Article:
Ten days ago I was present when the doctor finally came to see her, two weekends after ER visits and three days after admission to the nursing home. Dad and I listened carefully to everything he said. When he said, "Il think you need to look at end-of-life measures" I asked if we could all step out in the hallway, away from my mother. While she doesn't understand, it just seemed rude to me to have this discussion in earshot of her. It seemed disrespectful.
The doctor asked about her advance directive, which is in place and expresses her wishes, and then he said he thought she needed Hospice.
I worked in and around hospitals for 30 years, but Hospice is still a difficult word to hear even when you know what you know and know where this is all headed. All of my knowledge and experience and understanding of how health care works totally went out the window in that moment and I just hugged my dad and told him everything would be okay.
# # #
For all of my life, my mother’s eyes have been bright blue and engaging; now I look in her eyes and see my grandfather looking back at me just as he did at the end of his life.
My father has fought the good fight, and has cared for her for many years including the last seven in a retirement home. He often refers to the vows he took nearly 57 years ago, and says he would have it no other way.
What do we do now?
My father’s primary job has been to ;lovingly provide direct care, now he is her advocate while someone else provides the care.
I try to support my father with cards, letters, and old pictures, and daily phone calls. We’ve encouraged him to stay on his schedule and take advantage of his usual activities at the retirement home.
Of course, this is so difficult for him.
I can’t imagine. I don’t ever want to leave my husband of nearly 30 years, so I cannot imagine what more than half a century must feel like.
People are so kind to my family. I’ve personally received dozens of notes from her friends asking how she is and telling wonderful little stories about her.
And I’m overthinking it. Why can’t I just be at peace with what is? I’m not sure I’ve ever accepted the expressions, “there but the grace of God go I.” or “bad things do happen to good people.”
When some family members were involved in a horrible tragedy years ago, well-meaning people said, “That must be God’s will.” I don’t think so. Nor do I think it is God’s will that an acquaintance of mine recently loss twin grandbabies, due to prematurity. Nor do I think it is God’s will that anyone have cancer or ALS or dementia.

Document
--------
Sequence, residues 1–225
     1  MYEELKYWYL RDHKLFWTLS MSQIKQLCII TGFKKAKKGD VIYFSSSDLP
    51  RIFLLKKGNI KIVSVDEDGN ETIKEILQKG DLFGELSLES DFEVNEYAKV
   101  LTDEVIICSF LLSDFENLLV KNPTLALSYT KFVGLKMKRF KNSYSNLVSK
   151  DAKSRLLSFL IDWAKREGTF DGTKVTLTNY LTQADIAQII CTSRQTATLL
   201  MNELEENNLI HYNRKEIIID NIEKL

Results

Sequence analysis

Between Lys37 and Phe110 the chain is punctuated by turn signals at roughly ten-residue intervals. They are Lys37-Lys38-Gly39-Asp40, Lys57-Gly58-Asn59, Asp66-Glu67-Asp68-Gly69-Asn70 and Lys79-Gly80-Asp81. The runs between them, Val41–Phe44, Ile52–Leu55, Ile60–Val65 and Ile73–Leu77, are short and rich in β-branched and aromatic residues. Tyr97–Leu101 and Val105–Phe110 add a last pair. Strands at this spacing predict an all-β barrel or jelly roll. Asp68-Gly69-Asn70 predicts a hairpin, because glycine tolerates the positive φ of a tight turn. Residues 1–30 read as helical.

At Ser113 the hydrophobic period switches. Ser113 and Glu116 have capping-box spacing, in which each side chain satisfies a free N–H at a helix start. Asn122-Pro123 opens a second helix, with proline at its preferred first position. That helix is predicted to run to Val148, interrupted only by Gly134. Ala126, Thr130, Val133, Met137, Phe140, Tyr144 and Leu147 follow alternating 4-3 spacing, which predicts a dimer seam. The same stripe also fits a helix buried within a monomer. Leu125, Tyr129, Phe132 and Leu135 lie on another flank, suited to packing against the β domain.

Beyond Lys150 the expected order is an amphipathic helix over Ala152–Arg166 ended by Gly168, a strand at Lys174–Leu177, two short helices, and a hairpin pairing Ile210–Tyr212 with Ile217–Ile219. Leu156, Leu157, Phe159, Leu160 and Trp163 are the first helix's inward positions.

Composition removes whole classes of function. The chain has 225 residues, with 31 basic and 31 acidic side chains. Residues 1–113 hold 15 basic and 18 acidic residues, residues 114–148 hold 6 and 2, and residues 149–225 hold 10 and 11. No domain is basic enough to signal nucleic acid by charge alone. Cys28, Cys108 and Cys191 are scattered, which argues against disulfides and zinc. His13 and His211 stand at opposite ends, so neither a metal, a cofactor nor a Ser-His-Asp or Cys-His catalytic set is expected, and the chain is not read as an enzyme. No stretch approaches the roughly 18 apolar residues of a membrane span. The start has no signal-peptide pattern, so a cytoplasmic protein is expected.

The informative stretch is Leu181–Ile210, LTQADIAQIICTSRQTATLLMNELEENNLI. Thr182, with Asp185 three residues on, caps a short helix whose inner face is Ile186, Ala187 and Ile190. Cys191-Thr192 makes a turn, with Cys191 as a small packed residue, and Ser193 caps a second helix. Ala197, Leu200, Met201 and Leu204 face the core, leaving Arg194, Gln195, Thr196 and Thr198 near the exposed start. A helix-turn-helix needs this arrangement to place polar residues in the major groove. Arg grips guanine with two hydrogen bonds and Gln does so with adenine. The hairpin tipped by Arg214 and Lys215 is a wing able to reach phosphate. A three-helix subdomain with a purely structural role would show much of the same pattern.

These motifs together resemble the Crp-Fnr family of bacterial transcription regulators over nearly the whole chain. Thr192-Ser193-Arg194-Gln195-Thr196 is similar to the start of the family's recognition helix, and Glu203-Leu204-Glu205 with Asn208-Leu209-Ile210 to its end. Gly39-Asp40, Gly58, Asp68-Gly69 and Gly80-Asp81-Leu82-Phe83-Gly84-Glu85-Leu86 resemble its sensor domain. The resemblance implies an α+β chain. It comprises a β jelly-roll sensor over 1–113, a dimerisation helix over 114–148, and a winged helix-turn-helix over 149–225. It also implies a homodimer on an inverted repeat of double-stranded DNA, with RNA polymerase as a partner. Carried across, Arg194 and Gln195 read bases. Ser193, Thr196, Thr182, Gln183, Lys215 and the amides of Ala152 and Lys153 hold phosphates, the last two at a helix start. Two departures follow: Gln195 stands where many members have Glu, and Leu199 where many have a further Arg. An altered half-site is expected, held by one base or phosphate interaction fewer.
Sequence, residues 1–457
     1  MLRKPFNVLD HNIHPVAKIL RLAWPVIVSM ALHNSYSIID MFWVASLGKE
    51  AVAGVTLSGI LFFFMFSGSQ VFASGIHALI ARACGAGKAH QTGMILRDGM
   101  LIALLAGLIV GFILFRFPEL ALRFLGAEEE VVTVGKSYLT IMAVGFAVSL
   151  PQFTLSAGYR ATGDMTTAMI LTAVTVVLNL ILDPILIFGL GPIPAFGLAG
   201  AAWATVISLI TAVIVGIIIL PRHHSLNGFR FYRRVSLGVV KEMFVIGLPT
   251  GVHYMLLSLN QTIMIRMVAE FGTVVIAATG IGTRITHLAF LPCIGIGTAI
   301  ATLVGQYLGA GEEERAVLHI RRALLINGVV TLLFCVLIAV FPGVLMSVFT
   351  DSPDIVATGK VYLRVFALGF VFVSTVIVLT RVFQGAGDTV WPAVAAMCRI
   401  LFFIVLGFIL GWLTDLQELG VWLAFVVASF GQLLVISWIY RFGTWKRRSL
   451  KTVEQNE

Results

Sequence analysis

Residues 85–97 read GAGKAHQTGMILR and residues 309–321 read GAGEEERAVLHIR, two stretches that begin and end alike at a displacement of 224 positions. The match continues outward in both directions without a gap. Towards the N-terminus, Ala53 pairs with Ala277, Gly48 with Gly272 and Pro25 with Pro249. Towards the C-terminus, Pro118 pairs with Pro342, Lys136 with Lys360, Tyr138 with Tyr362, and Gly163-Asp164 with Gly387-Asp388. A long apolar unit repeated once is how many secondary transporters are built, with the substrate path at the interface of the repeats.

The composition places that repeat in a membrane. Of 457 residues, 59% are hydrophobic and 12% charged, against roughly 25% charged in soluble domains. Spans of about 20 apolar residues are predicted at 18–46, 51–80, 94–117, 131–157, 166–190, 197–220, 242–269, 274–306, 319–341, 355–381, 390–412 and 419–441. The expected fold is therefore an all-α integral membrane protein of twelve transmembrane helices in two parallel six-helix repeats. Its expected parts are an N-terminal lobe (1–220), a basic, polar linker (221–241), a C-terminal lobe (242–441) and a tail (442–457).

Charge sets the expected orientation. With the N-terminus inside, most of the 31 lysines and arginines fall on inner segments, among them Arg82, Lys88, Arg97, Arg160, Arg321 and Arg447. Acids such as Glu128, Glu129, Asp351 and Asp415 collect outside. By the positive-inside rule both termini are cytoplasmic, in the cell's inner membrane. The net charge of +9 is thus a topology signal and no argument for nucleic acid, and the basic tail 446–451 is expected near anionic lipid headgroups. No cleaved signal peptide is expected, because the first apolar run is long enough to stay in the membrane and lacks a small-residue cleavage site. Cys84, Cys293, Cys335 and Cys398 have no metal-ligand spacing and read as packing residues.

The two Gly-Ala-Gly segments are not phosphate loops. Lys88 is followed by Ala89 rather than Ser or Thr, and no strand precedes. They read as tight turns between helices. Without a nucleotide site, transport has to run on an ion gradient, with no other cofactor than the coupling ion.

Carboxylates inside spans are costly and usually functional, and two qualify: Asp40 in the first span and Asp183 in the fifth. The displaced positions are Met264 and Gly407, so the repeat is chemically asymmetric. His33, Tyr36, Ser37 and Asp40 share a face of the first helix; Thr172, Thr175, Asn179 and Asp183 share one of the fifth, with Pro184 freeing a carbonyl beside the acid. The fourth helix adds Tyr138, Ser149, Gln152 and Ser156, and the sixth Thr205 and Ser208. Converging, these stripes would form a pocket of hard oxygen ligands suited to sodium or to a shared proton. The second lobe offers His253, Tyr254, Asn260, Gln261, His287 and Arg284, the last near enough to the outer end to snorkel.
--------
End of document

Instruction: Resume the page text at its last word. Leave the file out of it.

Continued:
There are, indeed, some things worse than death, particularly when one has lived a good full life.
But it isn’t my call, and I am trying to wrap my arms around what is, and be so very grateful for what was.
God’s will is, I believe, the gift of grace. It is finding something deep within to sustain you in the difficult times. I seek to help my father find that grace.
Maybe God’s gift is strength or a good sense of humor. My parents’ graduated from rival universities and live in a university town. The rivalry has been one of the themes of their life together.
Shortly after my mom went to the skilled unit, her team beat dad’s team badly in basketball on their home turf. Everyone in the family supports dad’s team, except for me. I knew in my heart that her team would win that game. I just knew they would. That’s timing or luck or sense of humor, or maybe God is trying to tell us something. I don’t know.
Grace appears and we reach out to grab it, like the tiny, milky seeds from a dandelion plant on a hot summer afternoon. I find it in the old stories, in the connecting of the dots, comfort in the words. Maybe it is telling this story for others who are beginning the journey. Maybe it is just learning to absorb and soak up every ray of sunshine, every glorious blooming flower, every child’s toothless grin, and fill one’s soul with the goodness that is ripe for the taking. I don’t know.
© 2012 A.M. Abbott  This essay was recognized as an Editor's Pick on Open Salon February 13, 2012 and was featured on the cover page.